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Monday, 18 June 2001
Page: 27703

Mr CREAN (2:49 PM) —My question is to the Prime Minister, and I refer to his continuing claims that the GST is `behind us'. Prime Minister, have you seen the latest Herald Sun survey showing that, despite your spending $500 million on GST advertising to date, with millions more to come in future months, Australians are just not buying it, with 56 per cent of people thinking the GST has made them worse off, 56 per cent of people thinking the GST has mugged the economy, 58 per cent opposing the GST—

Mr SPEAKER —The Deputy Leader of the Opposition is advancing an argument.

Mr CREAN —and 68 per cent thinking most goods went up by more than 100 per cent—more than 10 per cent?

Government members interjecting—

Mr CREAN —Just to repeat that point: 68 per cent thinking most goods went up by more than 10 per cent. Prime Minister, why should people believe the GST is `behind them' when you are spending so much of their money to cover up the GST's failure?

Mr HOWARD (Prime Minister) —In the end the Australian people will of course, at an appropriate time, make a judgment about these matters.

Opposition members interjecting—

Mr HOWARD —I say to those who interject, with smiles on their faces and with glee, from opposite that that is a view that I stated before, during and subsequent to the introduction of the new tax system. I have never underestimated the difficult challenge facing any government undertaking major reform for the long-term benefit of the nation. The difference between those who sit behind me and those who sit behind the Leader of the Opposition is that we have put the interests of the nation first. We have not been prepared to talk down the Australian economy. The person who asked me the question is the person who, in unison with the Leader of the Opposition, absolutely rubbed his hands together with glee when those December quarter national account figures came out. They thought—

Mr Beazley —Not right.

Mr HOWARD —`Not right,' he says. They spent three months going around the country endorsing every gloomy newspaper story, they spent three months going around the nation saying what an absolute disaster the GST is for the nation, but when you ask the Leader of the Opposition or when you ask the Deputy Leader of the Opposition, `If you should become the government of the country what are you going to do with the GST?' they say, `Really, we are going to keep it.' They hate it—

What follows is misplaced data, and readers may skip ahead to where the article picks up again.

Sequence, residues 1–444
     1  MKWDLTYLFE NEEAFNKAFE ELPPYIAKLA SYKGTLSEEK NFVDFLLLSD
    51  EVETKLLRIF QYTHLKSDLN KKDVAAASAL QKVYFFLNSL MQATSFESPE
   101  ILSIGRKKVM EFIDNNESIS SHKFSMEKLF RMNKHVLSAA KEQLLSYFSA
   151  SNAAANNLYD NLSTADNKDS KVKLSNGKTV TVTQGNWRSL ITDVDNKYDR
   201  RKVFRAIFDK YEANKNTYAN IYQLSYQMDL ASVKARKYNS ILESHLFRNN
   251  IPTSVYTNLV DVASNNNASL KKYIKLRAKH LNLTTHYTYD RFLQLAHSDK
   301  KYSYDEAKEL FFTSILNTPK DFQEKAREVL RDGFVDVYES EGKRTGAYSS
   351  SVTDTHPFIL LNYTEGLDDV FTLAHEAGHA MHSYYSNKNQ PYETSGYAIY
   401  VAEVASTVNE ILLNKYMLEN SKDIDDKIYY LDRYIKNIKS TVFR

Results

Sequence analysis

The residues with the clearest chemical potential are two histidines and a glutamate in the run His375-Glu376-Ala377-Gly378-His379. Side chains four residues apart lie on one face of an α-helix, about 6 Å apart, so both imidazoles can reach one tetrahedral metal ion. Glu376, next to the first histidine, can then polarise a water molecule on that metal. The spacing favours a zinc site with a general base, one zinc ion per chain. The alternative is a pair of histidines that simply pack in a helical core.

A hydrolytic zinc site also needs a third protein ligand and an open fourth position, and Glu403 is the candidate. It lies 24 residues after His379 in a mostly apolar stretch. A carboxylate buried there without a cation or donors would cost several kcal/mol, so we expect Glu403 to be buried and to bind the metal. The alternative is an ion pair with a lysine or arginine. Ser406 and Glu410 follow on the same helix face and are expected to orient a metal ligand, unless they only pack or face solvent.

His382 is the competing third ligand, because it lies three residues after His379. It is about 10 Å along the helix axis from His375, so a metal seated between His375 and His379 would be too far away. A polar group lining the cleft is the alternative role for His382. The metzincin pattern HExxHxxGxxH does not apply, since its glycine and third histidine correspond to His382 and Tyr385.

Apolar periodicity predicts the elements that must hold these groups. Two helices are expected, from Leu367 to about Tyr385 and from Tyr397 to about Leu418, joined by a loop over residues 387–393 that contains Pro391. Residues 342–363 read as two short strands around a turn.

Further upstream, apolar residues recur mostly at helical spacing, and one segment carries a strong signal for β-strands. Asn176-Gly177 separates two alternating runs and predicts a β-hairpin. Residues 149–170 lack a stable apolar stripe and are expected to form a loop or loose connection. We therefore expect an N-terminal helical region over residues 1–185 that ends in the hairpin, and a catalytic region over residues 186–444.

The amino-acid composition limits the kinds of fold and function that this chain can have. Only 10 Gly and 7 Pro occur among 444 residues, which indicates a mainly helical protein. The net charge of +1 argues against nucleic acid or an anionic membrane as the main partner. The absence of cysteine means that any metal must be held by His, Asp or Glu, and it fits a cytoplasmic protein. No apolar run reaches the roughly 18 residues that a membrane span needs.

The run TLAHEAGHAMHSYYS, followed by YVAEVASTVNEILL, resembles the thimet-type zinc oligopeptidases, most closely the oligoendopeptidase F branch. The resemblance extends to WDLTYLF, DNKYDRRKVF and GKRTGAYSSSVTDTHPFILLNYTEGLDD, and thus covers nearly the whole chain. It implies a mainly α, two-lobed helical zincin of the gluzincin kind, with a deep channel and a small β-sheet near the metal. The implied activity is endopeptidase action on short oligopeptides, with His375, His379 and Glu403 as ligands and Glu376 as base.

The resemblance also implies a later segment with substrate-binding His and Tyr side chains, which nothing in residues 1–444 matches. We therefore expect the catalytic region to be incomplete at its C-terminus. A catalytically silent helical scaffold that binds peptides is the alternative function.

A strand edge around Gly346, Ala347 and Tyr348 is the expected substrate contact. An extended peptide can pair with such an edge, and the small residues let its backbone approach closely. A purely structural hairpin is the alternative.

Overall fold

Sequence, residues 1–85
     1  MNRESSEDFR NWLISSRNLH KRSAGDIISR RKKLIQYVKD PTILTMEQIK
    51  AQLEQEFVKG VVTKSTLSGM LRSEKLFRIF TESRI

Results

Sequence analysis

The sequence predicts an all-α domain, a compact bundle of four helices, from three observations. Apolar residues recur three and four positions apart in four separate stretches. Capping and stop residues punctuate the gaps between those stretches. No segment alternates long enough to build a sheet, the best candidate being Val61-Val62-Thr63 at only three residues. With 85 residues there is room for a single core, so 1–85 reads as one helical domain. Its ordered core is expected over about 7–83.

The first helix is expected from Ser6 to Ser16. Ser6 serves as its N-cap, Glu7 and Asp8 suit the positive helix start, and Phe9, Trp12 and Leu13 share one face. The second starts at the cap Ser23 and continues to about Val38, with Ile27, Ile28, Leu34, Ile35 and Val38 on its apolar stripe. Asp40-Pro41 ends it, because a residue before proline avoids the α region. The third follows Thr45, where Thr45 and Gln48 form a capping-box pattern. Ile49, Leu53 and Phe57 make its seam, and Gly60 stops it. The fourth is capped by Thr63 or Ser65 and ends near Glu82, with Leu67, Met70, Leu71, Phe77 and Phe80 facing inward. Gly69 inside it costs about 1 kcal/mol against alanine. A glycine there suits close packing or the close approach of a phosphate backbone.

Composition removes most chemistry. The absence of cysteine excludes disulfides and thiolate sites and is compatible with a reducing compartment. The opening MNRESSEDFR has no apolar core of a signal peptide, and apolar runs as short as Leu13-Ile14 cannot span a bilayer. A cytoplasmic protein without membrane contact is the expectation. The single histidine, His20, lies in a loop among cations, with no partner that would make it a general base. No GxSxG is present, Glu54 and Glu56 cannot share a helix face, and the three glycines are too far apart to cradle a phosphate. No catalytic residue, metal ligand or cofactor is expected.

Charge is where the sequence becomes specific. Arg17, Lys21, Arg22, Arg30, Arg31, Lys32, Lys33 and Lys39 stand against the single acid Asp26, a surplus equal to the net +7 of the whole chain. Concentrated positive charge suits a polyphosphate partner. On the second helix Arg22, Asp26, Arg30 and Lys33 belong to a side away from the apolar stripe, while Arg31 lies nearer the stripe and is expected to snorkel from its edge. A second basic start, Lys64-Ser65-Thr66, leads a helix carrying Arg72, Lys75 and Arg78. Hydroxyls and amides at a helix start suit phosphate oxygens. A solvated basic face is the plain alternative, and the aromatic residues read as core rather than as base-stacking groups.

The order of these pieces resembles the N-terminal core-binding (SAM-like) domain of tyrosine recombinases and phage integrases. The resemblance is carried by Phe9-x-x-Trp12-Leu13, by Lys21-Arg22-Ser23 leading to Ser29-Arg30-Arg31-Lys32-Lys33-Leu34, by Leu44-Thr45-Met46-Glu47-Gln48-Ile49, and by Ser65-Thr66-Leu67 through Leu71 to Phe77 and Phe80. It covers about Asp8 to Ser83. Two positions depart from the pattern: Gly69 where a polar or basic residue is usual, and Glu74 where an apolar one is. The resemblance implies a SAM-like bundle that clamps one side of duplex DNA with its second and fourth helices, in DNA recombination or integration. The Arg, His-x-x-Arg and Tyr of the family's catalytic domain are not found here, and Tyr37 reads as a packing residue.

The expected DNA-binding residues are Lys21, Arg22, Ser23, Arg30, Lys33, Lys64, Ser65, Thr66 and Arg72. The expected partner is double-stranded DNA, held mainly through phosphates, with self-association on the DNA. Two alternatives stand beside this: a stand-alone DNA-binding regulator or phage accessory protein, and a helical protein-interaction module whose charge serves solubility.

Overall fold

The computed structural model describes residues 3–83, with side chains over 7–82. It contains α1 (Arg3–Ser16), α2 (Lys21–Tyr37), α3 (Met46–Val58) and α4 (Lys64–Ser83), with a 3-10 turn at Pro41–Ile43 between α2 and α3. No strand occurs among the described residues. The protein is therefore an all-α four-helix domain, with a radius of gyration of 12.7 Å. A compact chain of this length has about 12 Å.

Opposition members interjecting—

Mr HOWARD —Ah, roll-back! That brings me to Senator Conroy, because last week we had an endorsement from the Leader of the Opposition of the validity of what Senator Conroy said. Remember what Senator Conroy said? He said, `If you're going to roll back the GST, either you've got to cut spending or you've got to lift taxation.' Last week the Leader of the Opposition made it very clear that he was not going to cut spending. The Leader of the Opposition, in response to a news release that I put out, huffed and puffed and he said, `We're not going to cut spending; we're going to spend more.' If you are going to spend more and you are going to roll back and you going to have a larger surplus and you are not going to dud the states—because you gave them a guarantee at that meeting you had in Burnie—you are left with only one alternative, and that is to lift income tax.

The bottom line of this economic debate is that there is only one side of politics that has had the courage to do something for the long-term national interest. In the end, like every political party in this country and every government in this country, we will be judged not by opinion polls or newspaper pieces but by the Australian people. I will be happy to say to the Australian people that, in the long-term national interest, we were prepared to do something that every senior politician has known for a generation had to be undertaken for the benefit of this country. It will be forever to the credit of this government that, instead of trying to trash the national interest, as you did for three months, we have put the national interest way in front of our political interests.